Tuesday, June 04, 2019


The Girl is wrapping up her freshman year of high school this month.  She’s a “band kid,” happily playing trumpet in the marching and concert bands even though her first musical love is the piano.  She was able to play piano in the pit orchestra for the high school production of “Hello Dolly,” but otherwise, school playing means the trumpet.  (Pianos are heavy and clunky, as far as marching goes.) My own musical talents go only so far as listening, so it’s great fun watching her develop her own playing styles.  

For her, the draw of band is mostly the social element of it.  Each instrument section does some bonding, and each has its own personality.  The trumpet section -- more girls than boys -- has a sort of goofy charm; this is the group that, thirty-odd years earlier, would have giddily quoted Monty Python to each other.  Band Camp, in August, is the highlight of her year; it’s the reason she won’t be heading to Charlottesville when it’s time to drop off TB at UVA. (Still need a new pseudonym for TB…)  As she put it, when Camp was over last year, “we all got emo about it.” We don’t have the heart to deprive her of that for a twelve-hour round trip that involved a lot of packing. The grandparents will hold down the fort.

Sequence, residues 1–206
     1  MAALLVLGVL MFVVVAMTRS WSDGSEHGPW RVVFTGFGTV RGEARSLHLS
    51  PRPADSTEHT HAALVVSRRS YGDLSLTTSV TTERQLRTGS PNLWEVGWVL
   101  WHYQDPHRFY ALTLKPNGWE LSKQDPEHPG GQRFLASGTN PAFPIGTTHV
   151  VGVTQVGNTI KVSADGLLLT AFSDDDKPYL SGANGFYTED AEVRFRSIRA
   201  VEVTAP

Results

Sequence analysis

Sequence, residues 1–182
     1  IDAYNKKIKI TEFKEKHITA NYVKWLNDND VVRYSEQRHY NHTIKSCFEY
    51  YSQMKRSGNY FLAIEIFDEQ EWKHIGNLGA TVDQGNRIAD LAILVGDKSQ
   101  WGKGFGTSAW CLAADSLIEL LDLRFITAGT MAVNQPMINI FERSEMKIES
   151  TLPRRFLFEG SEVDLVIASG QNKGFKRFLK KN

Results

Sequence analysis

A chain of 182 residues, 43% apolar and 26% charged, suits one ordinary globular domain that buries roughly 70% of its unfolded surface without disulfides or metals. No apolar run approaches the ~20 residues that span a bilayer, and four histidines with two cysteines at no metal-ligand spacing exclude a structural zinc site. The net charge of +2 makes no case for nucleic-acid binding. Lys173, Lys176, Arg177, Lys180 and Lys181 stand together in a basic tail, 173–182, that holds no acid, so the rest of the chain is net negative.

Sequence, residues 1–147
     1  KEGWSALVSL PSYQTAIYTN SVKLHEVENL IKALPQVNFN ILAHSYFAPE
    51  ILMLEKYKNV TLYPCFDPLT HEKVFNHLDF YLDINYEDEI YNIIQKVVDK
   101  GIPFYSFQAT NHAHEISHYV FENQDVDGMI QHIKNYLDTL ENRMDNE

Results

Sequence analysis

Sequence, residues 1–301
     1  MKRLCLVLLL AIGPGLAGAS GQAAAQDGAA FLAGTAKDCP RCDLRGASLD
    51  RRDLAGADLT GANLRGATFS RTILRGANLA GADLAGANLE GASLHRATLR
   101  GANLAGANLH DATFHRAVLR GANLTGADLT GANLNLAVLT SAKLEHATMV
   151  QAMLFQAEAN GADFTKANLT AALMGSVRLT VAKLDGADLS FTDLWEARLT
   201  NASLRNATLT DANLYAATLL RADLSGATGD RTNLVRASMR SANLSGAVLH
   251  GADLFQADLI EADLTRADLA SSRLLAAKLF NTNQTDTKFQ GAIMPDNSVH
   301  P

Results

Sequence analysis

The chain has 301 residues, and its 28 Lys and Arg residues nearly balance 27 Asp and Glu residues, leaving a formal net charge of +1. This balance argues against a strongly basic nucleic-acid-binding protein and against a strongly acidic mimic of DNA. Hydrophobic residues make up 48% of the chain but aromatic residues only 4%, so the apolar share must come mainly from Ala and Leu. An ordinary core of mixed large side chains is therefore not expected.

I bring this up as context for explaining why she cares so much about being the section leader for the trumpets next year.  Section Leader status is only partially about playing ability. It’s also about working well with other kids, coordinating/hosting practices over the summer, and setting the cultural tone for the section.  It’s a chance to define her clique. She has locked her sights on it.

The band director requires any students who want to be considered for section leader to write a 1 ½ page essay explaining why.  The requirements for the essay are fairly specific: the students have to include future academic and career goals, among other things, and connect them to leading their peers.  

This is where she shows some family inheritance.

She drafted the piece herself, spending a few days on it.  Before hitting “print,” she asked to me proofread for typos.  That seemed reasonable, so I did. And reader, I saw the family resemblance.  I bet you can spot it, too After several 5-8 sentence paragraphs laying out her argument -- she wants to be a writer, which means she needs to hone her communication skills -- she went with this:

I intend to write.
And to write well.

The short paragraphs!  She syncopated her paragraph rhythm, just like her Dad.

She writes like she talks, and talking involves changing speeds.  The trick is maintaining a human voice while also sticking to a subject longer than you might in conversation.  Not yet fifteen, and she already has it.

Some Dads pass along money or property.  Some pass along athletic talent, artistic talent, or political connections.  I pass along a taste for using simple sentences as a form of punctuation.

I’ll take it.  

We don’t know the result yet, but I feel like I’ve already won.